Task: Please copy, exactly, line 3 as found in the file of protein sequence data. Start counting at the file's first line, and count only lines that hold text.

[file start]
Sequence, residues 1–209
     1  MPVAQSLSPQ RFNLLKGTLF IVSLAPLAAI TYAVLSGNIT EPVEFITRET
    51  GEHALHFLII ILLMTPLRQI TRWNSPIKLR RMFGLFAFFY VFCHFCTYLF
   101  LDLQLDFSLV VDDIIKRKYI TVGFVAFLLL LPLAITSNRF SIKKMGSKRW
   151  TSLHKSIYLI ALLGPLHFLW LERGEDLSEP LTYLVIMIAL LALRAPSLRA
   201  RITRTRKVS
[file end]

    51  GEHALHFLII ILLMTPLRQI TRWNSPIKLR RMFGLFAFFY VFCHFCTYLF